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Support of NGO Dinh Diem in his rejection of national elections as provided in 1954 Geneva Accords.

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NOBLE CAUSE: America was forced to support Diem and go against the Geneva accords.   Unfortunately, the Communist forces in the north had lured the people into giving them overwhelming support during the oppression of the French and Japanese regimes.  This meant that a free election would have swung the way of the Communists.  Another loss in Asia would have been devastating in the Cold War.

This decision did help lead to the creation of the N.L.F. but helped consolidate the power of Diem, a strong anticommunist.

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President Eisenhower Articulates the "Domino Theory"
During a News Conference
7 April 1954

Q. Robert Richards, Copley Press: Mr. President, would you mind commenting on the strategic importance of Indochina to the free world? I think there has been, across the country, some lack of understanding on just what it means to us.
THE PRESIDENT. You have, of course, both the specific and the general when you talk about such things.
First of all, you have the specific value of a locality in its production of materials that the world needs. [383]
Then you have the possibility that many human beings pass under a dictatorship that is inimical to the free world.
Finally, you have broader considerations that might follow what you would call the "falling domino" principle. You have a row of dominoes set up, you knock over the first one, and what will happen to the last one is the certainty that it will go over very quickly. So you could have a beginning of a disintegration that would have the most profound influences.   Now, with respect to the first one, two of the items from this particular area that the world uses are tin and tungsten. They are very important. There are others, of course, the rubber plantations and so on.
Then with respect to more people passing under this domination, Asia, after all, has already lost some 450 million of its peoples to the Communist dictatorship, and we simply can't afford greater losses.
But when we come to the possible sequence of events, the loss of Indochina, of Burma, of Thailand, of the Peninsula, and Indonesia following, now you begin to talk about areas that not only multiply the disadvantages that you would suffer through loss of materials, sources of materials, but now you are talking really about millions and millions and millions of people.
Finally, the geographical position achieved thereby does many things. It turns the so-called island defensive chain of Japan, Formosa, of the Philippines and to the southward; it moves in to threaten Australia and New Zealand.
It takes away, in its economic aspects, that region that Japan must have as a trading area or Japan, in turn, will have only one place in the world to go--that is, toward the Communist areas in order to live.
So, the possible consequences of the loss are just incalculable to the free world.
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The Final Declarations of the Geneva Conference July 21, 1954.

1. The Conference takes note of the Agreements ending hostilities in Cambodia, Laos, and Viet-Nam and organizing international control and the supervision of the execution of the provisions of these agreements.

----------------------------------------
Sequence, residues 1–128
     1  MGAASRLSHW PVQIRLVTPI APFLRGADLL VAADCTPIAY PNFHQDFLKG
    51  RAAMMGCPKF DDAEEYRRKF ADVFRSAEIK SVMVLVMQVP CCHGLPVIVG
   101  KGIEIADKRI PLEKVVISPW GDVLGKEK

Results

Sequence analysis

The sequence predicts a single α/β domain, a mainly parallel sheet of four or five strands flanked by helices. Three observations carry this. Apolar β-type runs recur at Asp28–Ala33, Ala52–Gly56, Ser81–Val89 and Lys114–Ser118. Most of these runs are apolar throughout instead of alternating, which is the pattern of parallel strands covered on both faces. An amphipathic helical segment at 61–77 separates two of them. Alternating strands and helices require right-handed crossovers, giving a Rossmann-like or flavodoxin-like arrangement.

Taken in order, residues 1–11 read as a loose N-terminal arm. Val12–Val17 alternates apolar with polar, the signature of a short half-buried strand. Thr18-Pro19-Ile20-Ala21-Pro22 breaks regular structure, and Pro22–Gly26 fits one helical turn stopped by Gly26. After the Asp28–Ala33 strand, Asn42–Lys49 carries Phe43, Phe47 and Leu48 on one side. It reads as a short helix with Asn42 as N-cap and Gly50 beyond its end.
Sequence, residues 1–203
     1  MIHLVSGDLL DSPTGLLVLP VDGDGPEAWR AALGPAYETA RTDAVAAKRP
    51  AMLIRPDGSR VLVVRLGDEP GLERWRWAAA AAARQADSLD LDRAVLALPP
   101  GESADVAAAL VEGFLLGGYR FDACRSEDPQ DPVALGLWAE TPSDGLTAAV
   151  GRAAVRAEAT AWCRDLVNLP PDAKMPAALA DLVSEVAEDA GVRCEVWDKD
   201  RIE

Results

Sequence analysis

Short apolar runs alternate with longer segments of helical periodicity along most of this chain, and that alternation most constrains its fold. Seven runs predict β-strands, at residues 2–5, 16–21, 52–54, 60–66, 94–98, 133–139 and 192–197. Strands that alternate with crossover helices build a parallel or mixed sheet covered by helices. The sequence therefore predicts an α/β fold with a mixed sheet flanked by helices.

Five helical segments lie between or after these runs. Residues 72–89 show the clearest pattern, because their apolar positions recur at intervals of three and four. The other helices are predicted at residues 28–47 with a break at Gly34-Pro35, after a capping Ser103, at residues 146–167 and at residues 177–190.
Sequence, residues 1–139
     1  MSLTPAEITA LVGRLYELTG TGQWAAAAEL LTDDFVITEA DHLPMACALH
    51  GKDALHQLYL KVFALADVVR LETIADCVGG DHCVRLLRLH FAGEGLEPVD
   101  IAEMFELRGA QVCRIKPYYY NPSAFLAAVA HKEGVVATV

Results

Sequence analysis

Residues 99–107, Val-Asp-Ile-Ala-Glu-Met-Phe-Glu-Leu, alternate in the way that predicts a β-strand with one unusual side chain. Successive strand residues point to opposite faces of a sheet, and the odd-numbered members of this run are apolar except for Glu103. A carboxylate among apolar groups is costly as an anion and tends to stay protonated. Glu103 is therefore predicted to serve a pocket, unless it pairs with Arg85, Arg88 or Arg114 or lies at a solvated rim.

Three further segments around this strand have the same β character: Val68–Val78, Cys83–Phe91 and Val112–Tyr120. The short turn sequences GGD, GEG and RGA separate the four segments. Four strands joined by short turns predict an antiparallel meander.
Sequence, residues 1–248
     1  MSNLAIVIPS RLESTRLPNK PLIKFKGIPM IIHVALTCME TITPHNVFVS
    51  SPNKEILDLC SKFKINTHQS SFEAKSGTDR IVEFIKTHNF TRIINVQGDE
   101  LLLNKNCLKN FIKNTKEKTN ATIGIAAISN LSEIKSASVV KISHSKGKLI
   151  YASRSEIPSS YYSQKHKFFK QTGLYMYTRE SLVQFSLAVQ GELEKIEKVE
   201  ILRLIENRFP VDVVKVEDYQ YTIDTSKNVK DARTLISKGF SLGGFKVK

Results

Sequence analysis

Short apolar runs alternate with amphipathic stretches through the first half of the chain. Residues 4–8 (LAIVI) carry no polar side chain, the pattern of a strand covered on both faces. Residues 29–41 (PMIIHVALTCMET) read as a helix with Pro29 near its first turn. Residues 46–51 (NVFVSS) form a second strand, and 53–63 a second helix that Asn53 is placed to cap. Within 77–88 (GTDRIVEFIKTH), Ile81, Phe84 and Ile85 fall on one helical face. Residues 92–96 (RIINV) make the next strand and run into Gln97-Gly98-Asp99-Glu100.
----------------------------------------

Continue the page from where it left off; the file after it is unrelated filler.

2. The Conference expresses satisfaction at the ending of hostilities in Cambodia, Laos, and Viet-Nam; the Conference expresses its conviction that the execution of the provisions set out in the present Declaration and in the Agreements on the cessation of hostilities will permit Cambodia, Laos and Viet-Nam henceforth to play their part, in full independence and sovereignty, in the peaceful community of nations.

3. The Conference takes note of the declarations made by the Governments of Cambodia and of Laos of their intention to adopt measures permitting all citizens to take their place in the national community, in particular by participating in the next general elections, which, in conformity with the constitution of each of these countries, shall take place in the course of the year 1955, by secret ballot and in conditions of respect for fundamental freedoms.

4. The Conference takes note of the clauses in the Agreement on the cessation of hostilities in Viet-Nam prohibiting the introduction into Vietnam of foreign troops and military personnel as well as all kinds of arms and munitions. The Conference also takes note of the declarations made by the Governments of Cambodia and Laos of their resolution not to request foreign aid, whether in war material, in personnel or in instructors except for the purpose of the effective defence of their territory and, in the case of Laos, to the extent defined by the Agreements on the cessation of hostilities in Laos.

5. The Conference takes note of the clauses in the Agreement on the cessation of hostilities in Viet-nam to the effect that no military base under the control of a foreign State may be established in the regrouping zones of the two parties, the latter having the obligation to see that the zones allotted to them shall not constitute part of any military alliance and shall not be utilized for the resumption of hostilities or in the service of an aggressive policy. The Conference also takes note of the declarations of the Governments of Cambodia and Laos to the effect that they will not join in any agreement with other States if this agreement includes the obligation to participate in a military alliance not in conformity with the principles of the Charter of the United Nations or, in the case of Laos, with the principles of the Agreement on the cessation of hostilities in Laos or, so long as their security is not threatened, the obligation to establish bases on Cambodian or Laotian territory for the military forces of foreign powers.